But taken together, the videos reveal clues of broader coordination. In a monthslong analysis of more than 3,000 of them, The Times and ProPublica found evidence of one of China’s most elaborate efforts to shape global opinion — and how Western internet platforms serve as high-speed propaganda pipelines for Beijing.
8. “I knew I’d met someone who’s stupid in the way that I’m stupid and doesn’t take much seriously.”
Andy Richter immediately hit it off with Conan O’Brien when they were introduced. What has followed is a long career as O’Brien’s sidekick on three talk shows. As the final episode of “Conan” airs on Thursday, we asked Richter to reflect on his career as late-night’s No. 1 second banana.
The end of “Conan” also signifies the end for one of late-night’s last sidekicks. Richter reinvigorated the role, but now that “Conan” is going off the air, our critic writes, it’s time to re-evaluate work that was often mired in stereotypes.
9. With help from A.I., a 17th-century Rembrandt is whole again.
“The Night Watch” has been a national icon in the Netherlands ever since it was painted in 1642, but large sections of it were cut off in the 18th century and lost. Now, using scanning technologies and a relatively new class of artificial-intelligence algorithms, the Rijksmuseum’s senior scientist trained a computer to recreate the pieces pixel by pixel in Rembrandt’s style.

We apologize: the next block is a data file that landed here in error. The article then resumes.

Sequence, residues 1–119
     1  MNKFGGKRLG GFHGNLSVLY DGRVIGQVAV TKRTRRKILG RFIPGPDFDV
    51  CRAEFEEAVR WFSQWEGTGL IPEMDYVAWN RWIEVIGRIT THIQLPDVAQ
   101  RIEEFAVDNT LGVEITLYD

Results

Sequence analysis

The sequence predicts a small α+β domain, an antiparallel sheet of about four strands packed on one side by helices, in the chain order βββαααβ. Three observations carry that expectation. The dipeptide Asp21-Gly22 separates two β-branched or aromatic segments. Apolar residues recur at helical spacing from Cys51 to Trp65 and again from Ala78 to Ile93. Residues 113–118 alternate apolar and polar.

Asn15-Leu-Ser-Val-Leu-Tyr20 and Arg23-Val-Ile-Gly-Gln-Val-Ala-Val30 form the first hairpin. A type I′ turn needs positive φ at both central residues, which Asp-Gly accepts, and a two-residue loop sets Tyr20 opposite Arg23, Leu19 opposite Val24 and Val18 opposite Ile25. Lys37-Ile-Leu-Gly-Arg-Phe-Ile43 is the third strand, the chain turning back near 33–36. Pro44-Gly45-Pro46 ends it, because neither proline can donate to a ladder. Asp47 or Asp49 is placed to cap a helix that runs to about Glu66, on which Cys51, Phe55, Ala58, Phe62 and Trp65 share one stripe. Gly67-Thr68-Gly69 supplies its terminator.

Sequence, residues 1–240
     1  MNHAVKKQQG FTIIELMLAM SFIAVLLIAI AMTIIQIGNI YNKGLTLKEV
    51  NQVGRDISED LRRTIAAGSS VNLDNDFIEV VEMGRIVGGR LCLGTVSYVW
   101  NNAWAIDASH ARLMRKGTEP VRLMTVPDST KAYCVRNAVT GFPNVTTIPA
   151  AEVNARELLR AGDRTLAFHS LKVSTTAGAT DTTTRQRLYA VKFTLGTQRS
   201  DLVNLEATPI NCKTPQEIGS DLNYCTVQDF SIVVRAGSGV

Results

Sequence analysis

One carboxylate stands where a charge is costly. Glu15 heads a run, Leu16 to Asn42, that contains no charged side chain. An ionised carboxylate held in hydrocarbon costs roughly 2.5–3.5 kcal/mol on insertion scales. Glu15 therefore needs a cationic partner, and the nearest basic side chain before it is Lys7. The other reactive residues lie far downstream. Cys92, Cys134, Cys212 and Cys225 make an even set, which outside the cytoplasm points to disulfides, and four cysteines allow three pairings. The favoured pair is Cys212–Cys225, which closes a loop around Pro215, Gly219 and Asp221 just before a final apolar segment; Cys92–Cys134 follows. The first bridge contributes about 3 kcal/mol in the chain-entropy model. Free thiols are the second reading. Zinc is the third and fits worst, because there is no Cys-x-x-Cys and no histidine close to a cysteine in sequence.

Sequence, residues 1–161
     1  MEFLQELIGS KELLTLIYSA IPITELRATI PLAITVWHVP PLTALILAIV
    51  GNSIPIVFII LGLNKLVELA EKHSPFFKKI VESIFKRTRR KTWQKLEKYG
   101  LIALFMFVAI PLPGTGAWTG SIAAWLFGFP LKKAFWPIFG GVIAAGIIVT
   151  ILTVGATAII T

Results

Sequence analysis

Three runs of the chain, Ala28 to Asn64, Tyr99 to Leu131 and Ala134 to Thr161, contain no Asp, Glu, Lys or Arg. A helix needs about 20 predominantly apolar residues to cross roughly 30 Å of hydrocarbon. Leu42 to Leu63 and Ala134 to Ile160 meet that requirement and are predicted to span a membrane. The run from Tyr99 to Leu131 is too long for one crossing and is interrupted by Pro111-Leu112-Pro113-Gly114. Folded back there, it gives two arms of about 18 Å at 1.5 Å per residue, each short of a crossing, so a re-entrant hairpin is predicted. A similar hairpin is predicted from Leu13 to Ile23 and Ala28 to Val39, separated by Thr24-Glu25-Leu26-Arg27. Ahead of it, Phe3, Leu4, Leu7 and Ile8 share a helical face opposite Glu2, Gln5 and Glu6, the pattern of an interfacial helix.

And in Paris, the Hôtel de la Marine is open to the public for the first time in almost 250 years after a $157 million, four-year renovation. About 200 top artisans in France restored the neoclassical palace to its 18th-century splendor. Take a look at the eagerly awaited new museum.
10. And finally, summer feasting.
The food columnist J. Kenji López-Alt fell in love with raw oysters on a warm summer evening on Cape Cod when he was 8 years old. Now teaching his own children to eat oysters, he makes a compelling case for grilling them: Brininess is enhanced with fire and flavored butters, there’s a safety benefit and shucking is not required. He also offers wine pairings for oysters and vibrant ways to finish them.
If you’re looking for the perfect post-pandemic party food, Gabrielle Hamilton, a Times Magazine contributor, makes the case for the “ongoingly spirit-lifting” six-foot hero. For more options, here are our staff picks for summer potlucks.
Have a delicious night.
Lance Booth compiled photos for this briefing.